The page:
Ignorance of FICA obligations is not seen as an acceptable excuse for non-compliance.
The Financial Intelligence Centre (FIC) recently published the Decision of the Appeal Board – Harlyn Trading International (Pty) Ltd and the High Court Judgement – Harlyn Trading International (Pty) Ltd v FIC and Another.
Motor vehicle dealers are listed as Reporting Institutions under Schedule 3 of FICA and have two compliance obligations; namely to register with the Financial Intelligence Centre (FIC), and to file regulatory reports for suspicious transactions and cash threshold reports.
In November 2018, the FIC conducted an inspection at the premises of Harlyn Trading International (Pty) Ltd (Harlyn), which is a Motor Vehicle Dealer. It was found that Harlyn failed to comply with certain provisions of FICA and accordingly was issued with a notice of intention to impose an administrative sanction for its failure to (1) register with the FIC, and (2) report 75 cash threshold reports amounting to R12,789,481.66 within two business days of each transaction having taken place. Harlyn was invited to make representations to the FIC by 10 July 2019, however it did not submit its submissions within the deadline and was granted three extensions by the FIC to do so.
Harlyn made its representations on 18 October 2019, where it maintained that it was unaware of its obligations to register and/or its reporting duties in terms of FICA. It also raised several mitigating factors, such as that it started the process of reporting the outstanding cash transactions. However, according to the FIC’s goAML system, Harlyn only started remediating these transactions between 13 and 19 October 2019, almost a year after the initial inspection report.
The FIC, in considering an appropriate financial penalty, recommended it at 10% of the value of the unreported transactions. The “mathematical tool” used to quantify the sanction, has its origins in a manual and guidelines compiled by the FIC for its supervisory bodies. Ultimately, the FIC imposed a financial penalty of R1,278,948.00, which was 10% of the unreported cash transactions. Half of the penalty was suspended for three years, which reduced Harlyn’s penalty to R644,474.00, payable in six equal monthly instalments. The sanction also included a penalty of R5,000.00 for failing to register with the FIC.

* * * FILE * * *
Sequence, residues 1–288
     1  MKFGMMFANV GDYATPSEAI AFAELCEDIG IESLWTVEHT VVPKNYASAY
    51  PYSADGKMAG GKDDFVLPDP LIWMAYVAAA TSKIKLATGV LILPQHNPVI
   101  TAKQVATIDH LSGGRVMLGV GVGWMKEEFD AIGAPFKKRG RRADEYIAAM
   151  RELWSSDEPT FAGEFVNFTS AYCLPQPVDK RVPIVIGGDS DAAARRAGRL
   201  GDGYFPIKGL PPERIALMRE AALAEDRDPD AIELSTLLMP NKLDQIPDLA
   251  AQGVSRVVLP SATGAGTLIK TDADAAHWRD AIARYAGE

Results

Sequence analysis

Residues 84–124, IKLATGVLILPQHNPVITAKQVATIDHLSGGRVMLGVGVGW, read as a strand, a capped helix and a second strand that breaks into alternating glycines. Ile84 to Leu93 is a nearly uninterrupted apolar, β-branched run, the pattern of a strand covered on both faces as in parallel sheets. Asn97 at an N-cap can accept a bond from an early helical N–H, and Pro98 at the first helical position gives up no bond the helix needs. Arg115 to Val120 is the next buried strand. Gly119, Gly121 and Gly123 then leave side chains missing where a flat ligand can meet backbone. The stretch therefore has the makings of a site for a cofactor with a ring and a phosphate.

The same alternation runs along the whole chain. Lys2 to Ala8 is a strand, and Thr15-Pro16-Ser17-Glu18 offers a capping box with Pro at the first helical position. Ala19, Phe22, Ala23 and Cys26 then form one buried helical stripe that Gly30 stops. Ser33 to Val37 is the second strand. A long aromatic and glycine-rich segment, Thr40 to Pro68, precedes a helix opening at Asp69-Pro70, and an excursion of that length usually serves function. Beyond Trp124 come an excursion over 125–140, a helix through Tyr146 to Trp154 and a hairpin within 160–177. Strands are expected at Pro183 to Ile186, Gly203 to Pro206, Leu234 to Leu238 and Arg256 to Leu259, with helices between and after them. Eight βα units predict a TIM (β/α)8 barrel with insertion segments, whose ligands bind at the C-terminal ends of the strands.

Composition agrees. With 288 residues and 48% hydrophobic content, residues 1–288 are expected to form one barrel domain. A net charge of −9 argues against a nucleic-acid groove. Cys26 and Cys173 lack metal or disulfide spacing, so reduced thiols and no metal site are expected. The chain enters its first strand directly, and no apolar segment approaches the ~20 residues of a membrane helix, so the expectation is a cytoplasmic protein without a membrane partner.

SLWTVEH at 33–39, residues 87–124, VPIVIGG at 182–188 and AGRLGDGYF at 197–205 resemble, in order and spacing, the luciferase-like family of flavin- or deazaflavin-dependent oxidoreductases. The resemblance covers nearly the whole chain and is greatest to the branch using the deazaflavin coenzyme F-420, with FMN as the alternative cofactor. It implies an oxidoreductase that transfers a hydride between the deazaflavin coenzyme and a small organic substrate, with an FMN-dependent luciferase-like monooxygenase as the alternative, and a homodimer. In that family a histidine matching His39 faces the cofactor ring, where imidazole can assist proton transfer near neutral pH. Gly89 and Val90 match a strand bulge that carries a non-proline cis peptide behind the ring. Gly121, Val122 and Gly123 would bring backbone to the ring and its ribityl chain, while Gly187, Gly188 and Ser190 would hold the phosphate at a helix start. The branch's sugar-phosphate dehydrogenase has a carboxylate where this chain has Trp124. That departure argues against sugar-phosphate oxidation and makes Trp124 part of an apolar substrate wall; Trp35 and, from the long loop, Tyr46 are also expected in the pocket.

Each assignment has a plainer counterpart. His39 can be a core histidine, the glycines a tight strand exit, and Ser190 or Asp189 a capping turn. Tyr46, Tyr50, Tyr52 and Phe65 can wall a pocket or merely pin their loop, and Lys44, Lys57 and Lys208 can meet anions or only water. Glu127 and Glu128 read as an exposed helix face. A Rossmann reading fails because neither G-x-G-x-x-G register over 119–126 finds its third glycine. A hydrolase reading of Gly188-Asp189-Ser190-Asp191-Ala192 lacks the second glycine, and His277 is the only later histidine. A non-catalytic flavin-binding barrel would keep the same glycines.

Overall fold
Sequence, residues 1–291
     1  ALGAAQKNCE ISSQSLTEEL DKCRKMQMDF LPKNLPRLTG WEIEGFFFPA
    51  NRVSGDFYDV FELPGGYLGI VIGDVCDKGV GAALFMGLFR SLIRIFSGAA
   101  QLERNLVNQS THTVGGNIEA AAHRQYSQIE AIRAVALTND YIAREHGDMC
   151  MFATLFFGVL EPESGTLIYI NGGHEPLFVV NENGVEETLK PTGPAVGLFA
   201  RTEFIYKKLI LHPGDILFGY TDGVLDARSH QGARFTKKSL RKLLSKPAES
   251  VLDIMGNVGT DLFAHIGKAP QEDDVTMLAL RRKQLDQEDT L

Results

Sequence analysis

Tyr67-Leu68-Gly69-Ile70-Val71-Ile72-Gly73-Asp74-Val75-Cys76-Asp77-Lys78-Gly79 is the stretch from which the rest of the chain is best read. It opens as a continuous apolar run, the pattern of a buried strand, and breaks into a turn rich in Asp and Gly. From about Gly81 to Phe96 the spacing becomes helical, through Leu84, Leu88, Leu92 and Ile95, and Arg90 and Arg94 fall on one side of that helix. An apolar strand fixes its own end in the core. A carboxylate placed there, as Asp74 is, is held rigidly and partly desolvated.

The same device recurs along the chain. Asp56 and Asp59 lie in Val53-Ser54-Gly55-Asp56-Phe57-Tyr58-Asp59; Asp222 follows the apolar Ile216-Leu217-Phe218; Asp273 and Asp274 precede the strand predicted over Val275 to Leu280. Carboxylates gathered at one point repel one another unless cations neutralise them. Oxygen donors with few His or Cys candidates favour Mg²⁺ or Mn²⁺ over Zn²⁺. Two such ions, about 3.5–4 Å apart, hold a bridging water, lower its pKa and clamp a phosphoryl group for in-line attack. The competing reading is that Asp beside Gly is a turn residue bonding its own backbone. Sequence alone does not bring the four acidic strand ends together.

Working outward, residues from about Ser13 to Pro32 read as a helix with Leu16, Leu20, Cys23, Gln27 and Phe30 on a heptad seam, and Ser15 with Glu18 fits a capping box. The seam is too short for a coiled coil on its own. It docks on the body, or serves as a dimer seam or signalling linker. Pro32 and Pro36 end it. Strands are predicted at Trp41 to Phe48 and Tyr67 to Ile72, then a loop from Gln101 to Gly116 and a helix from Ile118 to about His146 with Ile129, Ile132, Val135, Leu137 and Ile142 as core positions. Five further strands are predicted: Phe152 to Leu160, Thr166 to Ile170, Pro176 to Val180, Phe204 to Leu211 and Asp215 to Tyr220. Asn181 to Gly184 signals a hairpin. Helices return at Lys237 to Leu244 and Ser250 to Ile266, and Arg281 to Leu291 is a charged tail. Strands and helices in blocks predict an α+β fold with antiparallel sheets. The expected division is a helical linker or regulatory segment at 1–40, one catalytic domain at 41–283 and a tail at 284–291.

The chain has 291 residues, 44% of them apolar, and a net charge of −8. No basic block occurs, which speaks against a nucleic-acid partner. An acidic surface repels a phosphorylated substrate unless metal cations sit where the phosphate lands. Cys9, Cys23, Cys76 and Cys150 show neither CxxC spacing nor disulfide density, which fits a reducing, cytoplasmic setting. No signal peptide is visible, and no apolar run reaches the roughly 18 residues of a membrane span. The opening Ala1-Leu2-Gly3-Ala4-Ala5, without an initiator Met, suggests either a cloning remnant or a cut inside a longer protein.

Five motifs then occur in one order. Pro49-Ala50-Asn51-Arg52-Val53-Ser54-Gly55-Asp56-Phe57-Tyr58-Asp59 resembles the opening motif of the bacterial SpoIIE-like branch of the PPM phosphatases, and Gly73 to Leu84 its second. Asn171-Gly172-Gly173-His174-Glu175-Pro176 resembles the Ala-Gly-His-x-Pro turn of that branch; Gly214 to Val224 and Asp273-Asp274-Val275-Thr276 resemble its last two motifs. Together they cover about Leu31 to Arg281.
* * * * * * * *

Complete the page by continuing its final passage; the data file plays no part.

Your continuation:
Harlyn appealed to the FIC Appeal Board and challenged the following:
- The fact that its representations were not considered by the FIC since it was a foregone conclusion that it would impose a financial penalty calculated at 10% of the value of the reportable transactions.
- The final penalty had no regard to any of the reported transactions, which was in the amount of R 9,404,965.00, as these were not discounted against the total amount found to be unreported during the first inspection.
- The fact that FICA makes no provision for the “mathematical tool” used by the FIC in its computation of the financial penalty and is therefore unlawful.
Harlyn challenged the FIC’s utilisation of the “mathematical tool” in the computation of the financial penalty imposed and contended that certain of the mitigating circumstances that it had raised were ignored by the FIC. The Appeal Board dismissed Harlyn’s appeal and confirmed the order that Harlyn must pay the financial penalty.
Harlyn then challenged the Appeal Board’s decision and escalated the matter to the High Court.